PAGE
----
Hadfield has a new book, An Astronauts Guide to Life on Earth, and a series of quick videos on how they do things in space, like brushing teeth. And check out this YouTube video of Hadfield singing a revised version of David Bowie's Space Oddity, recorded on the International Space Station. Then go see Gravity.
Gray skies are expected on a November day in New England. This morning started out gray, but a lovely sun emerged late in the afternoon. Darkness will come early though, as we fell back an hour this morning with the end of daylight savings time.
A strong wind a few days back blew most of the leaves off the hardwoods, except for the oaks and beeches, which hold fast into winter. Many trees now stand bare, revealing their varied shapes--stately, gnarly, broken topped, many-branched, diseased, healthy--that were hidden by leaves all summer.
Even in the woods, where beech saplings have turned the forest understory into a golden color, the grays of November emerge. Giant, gray boulders seem even bigger today, as we walked through the Oaklands of Exeter.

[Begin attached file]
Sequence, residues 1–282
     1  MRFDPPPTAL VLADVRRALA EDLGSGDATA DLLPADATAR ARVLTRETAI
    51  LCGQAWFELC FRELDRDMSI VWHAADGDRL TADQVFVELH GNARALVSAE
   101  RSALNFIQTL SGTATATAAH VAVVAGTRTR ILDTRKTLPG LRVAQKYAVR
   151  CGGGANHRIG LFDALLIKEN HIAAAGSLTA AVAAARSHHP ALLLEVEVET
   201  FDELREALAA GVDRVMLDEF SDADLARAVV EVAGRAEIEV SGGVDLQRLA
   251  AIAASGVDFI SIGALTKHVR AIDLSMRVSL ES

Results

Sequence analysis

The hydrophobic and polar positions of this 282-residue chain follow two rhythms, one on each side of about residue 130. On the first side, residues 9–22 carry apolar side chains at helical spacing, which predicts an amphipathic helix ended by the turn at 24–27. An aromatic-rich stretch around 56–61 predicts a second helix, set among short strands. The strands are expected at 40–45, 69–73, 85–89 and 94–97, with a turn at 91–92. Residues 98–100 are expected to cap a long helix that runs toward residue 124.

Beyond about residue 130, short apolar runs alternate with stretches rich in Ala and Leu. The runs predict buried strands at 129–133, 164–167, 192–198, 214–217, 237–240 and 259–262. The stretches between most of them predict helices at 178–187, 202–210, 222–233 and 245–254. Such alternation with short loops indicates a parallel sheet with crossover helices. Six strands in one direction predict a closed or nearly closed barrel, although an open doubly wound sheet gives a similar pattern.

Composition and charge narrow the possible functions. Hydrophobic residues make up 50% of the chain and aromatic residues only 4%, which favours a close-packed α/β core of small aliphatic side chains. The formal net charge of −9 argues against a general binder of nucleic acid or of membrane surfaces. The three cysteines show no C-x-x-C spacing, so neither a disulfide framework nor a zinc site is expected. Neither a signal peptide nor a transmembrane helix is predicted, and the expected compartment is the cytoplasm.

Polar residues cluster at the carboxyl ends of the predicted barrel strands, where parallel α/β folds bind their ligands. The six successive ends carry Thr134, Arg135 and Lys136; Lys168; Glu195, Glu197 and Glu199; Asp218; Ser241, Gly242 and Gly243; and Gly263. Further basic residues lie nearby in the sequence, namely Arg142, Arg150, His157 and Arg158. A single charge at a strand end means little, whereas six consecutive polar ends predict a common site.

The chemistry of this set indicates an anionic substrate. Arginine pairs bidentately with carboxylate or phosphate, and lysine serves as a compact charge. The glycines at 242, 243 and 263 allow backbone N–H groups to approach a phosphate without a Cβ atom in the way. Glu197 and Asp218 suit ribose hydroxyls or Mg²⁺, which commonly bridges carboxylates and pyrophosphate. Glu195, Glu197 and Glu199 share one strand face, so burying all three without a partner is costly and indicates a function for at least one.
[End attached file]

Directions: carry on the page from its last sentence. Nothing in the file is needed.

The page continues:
A fallen hornet nest, ash gray in color, lay still and vivid against the copper beech leaves. The queen left the nest earlier in the fall to live underground or in a log through winter. The rest of the adults die as cold weather sets in. Peering into a hole in this nest I could see several adult hornets frozen in place, but they might still be alive so I let them be.
There is beauty in the gray calm of November. A cheerful thought as the days grow shorter and winter sets in.